Justin Parisi: So sounds like it’s just everything, right? Is that all it is?
Cecile Kellam: It is our answer to trying to be everything.
It’s built on a common services layer of API so that while it might not be everything yet, it leaves itself open to where it can go to best serve our customers. And that involves cloud state, cause we don’t know where it might go.
Justin Parisi: It has the goal of being everything is what I’m hearing.
Cecile Kellam: It does.
Justin Parisi: Alright. So an important part of the cloud and on-prem and a lot of other areas is the idea of this notion of data governance and compliance. This podcast is gonna be about that sort of thing. So let’s talk about what data governance and compliance is. Can you kind of gimme a high level description of those things, because those are kind of buzzy sounding words that people may have heard, but maybe don’t fully understand the definition of, so if you could do that for me…
Michael Landau: Absolutely. I’ll jump in with that. For years we’ve been creating significant populations of data and what we’ll call data sprawl is the new order in our organizations. Data growth is happening on-prem, it’s happening in the cloud, and the reality is that the bulk of people in our organizations that have to manage that data don’t know what’s in the data. They don’t own it, and they didn’t create it. So Data Sense comes along to look at it from a governance and compliance perspective to say, let’s use the latest in technology – AI, machine learning, and natural language processing to understand what’s in the data. To classify it and categorize it by business topics, be able to allow you to understand who has access to it, who shouldn’t have access to it, what’s in it, what risks are contained in it, and be able to first know what’s in your data to then be able to plan accordingly and act on your data. The understanding that governance, compliance, and risk is different in all organizations is a foundation point for being able to know what’s in your data and then bring along a solution that helps you not only comply with your existing policies, but build new policies as data grows and expands.
The idea is governance and compliance through this type of solution is to allow you to know what’s in your data, see the conditions, and take actions upon them.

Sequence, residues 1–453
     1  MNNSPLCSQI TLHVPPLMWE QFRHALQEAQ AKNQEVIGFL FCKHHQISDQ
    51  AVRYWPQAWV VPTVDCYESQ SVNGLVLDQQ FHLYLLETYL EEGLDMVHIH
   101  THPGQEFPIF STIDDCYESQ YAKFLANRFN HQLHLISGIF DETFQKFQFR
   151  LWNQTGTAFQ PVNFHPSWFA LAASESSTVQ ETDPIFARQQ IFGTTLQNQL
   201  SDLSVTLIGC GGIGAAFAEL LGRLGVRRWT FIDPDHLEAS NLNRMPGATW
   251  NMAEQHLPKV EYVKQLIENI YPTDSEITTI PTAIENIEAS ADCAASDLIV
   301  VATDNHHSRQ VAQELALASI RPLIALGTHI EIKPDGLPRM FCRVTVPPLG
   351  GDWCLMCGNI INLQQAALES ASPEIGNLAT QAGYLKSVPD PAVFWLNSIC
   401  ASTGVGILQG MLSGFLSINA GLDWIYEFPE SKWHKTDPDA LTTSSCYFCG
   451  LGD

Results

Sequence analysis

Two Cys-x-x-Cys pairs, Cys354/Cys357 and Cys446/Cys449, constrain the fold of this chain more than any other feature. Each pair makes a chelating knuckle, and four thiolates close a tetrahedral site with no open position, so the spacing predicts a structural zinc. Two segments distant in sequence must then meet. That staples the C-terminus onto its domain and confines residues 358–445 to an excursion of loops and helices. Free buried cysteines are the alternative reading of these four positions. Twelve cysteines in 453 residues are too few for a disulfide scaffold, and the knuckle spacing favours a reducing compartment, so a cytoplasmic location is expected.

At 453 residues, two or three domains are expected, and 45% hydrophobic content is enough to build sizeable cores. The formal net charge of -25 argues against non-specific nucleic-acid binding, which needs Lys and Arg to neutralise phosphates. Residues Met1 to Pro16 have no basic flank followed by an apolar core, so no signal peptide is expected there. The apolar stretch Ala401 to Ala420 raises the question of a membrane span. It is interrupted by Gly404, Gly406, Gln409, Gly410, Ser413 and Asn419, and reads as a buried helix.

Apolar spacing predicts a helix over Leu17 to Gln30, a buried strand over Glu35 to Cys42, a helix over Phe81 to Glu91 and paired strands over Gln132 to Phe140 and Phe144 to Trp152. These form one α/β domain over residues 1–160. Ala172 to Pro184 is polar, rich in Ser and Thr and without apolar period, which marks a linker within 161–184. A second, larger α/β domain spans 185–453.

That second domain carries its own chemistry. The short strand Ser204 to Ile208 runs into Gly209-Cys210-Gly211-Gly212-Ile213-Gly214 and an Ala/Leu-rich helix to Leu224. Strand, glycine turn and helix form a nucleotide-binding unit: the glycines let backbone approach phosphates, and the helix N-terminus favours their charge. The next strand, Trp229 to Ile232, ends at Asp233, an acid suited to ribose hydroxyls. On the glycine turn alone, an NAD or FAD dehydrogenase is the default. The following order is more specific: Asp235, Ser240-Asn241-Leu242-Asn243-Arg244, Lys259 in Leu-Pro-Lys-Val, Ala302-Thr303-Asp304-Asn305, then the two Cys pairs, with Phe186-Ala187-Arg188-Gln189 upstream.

Justin Parisi: So why might seeing what’s in that data be important? Like what sort of rules and regulations apply to data that people maybe don’t think about all the time?
Michael Landau: Well, so rules I will say is your internal business policies and regulations. I’d like to call it the alphabet soup of the regulatory landscape. So we have things like GDPR, California Consumer Protection, the freedom of information in certain parts of Canada and across Canada, other privacy regulations. Then you have HIPAA compliance, PCI – Payment Card Industry Compliance, privacy risk obligations. There’s an entire landscape of regulatory obligations, and of course that’s just for your ordinary businesses. Then you go into the regulated industries and there’s an entire second level of regulatory compliance with organizations like FINRA and the SEC and more.
But I think it’s important to know also that each of our businesses, each of us who have data populations and are trying to manage them, have business policies. So what data is a business record? How long do we need to keep data? Are there different retention policies for, let’s say payroll information, sales information, marketing information, product or manufacturing information, financial results of the organization, for example, and having an understanding of what data needs to be kept, how long it needs to be kept, where it needs to be kept.
Should it be encrypted? Does it have risk in it? Those are the foundation points or the blocks of questions that by knowing what’s in your data, you get to right size it, right, locate it, right-comply, encrypt if it should be, delete if it should be, and one of the growing needs is return it to the consumer or organization it belongs to if requested.